Chapter 10: Jacksonian Democracy, 1820–1840
The most extraordinary political development in the years before the Civil War was the rise of American democracy. Whereas the founders envisioned the United States as a republic, not a democracy, and had placed safeguards such as the Electoral College in the 1787 Constitution to prevent simple majority rule, the early 1820s saw many Americans embracing majority rule and rejecting old forms of deference that were based on elite ideas of virtue, learning, and family lineage.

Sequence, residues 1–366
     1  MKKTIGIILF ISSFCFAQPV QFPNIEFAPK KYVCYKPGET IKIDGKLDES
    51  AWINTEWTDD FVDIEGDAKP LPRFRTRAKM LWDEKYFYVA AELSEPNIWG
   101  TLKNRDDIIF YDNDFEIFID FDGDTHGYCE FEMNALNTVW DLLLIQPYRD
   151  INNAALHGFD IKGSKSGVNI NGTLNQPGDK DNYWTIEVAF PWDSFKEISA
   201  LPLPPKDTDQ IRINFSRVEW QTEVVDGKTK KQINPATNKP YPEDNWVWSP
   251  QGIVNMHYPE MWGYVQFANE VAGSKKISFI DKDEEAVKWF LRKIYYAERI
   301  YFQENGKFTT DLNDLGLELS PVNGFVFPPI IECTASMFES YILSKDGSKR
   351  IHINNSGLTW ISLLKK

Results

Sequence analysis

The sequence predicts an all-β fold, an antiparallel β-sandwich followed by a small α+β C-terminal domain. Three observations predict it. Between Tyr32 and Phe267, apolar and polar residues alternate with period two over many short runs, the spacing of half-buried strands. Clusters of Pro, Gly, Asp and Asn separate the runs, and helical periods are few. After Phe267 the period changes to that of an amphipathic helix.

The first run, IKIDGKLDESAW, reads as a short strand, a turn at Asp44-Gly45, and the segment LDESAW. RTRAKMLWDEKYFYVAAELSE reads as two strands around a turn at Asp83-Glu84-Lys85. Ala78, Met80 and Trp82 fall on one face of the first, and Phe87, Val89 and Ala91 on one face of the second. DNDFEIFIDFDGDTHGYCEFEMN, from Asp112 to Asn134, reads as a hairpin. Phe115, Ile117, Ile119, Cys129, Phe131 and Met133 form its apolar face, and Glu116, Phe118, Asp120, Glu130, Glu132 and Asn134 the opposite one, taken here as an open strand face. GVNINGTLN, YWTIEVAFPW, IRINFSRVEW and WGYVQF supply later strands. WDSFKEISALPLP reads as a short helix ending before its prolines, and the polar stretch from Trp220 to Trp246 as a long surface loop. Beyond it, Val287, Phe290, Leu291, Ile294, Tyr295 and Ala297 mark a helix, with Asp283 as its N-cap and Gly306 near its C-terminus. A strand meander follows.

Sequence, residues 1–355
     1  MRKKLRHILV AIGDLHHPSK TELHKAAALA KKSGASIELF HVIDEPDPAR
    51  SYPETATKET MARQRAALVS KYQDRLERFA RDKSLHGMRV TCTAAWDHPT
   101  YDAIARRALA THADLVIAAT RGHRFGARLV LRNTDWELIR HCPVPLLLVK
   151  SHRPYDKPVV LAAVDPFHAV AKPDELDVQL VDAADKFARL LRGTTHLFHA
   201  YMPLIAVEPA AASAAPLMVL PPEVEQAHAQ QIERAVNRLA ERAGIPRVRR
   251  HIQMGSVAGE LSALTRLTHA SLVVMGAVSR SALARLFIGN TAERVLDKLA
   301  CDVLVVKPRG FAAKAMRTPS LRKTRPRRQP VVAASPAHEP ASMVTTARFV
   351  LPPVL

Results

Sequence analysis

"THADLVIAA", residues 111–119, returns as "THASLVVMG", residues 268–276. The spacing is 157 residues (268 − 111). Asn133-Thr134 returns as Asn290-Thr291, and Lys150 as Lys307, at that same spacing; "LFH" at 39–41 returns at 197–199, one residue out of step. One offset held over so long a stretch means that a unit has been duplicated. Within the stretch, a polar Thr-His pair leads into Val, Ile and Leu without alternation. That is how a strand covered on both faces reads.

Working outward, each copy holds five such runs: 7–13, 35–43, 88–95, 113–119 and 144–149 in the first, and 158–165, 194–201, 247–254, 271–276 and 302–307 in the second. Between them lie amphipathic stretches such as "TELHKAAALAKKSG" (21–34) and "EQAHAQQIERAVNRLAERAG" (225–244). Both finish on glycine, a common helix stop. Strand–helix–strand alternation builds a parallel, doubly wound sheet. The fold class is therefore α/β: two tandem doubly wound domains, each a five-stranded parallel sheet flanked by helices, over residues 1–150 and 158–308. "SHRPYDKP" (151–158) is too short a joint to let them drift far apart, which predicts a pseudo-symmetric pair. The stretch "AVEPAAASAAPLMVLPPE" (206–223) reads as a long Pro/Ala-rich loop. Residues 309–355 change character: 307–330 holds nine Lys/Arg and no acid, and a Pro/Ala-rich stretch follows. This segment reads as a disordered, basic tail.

A new breed of politicians learned to harness the magic of the many by appealing to the resentments, fears, and passions of ordinary citizens to win elections. The charismatic Andrew Jackson gained a reputation as a fighter and defender of American expansion, emerging as the quintessential figure leading the rise of American democracy. In the image above (Figure 10.1), crowds flock to the White House to celebrate his inauguration as president. While earlier inaugurations had been reserved for Washington’s political elite, Jackson’s was an event for the people, so much so that the pushing throngs caused thousands of dollars of damage to White House property. Characteristics of modern American democracy, including the turbulent nature of majority rule, first appeared during the Age of Jackson.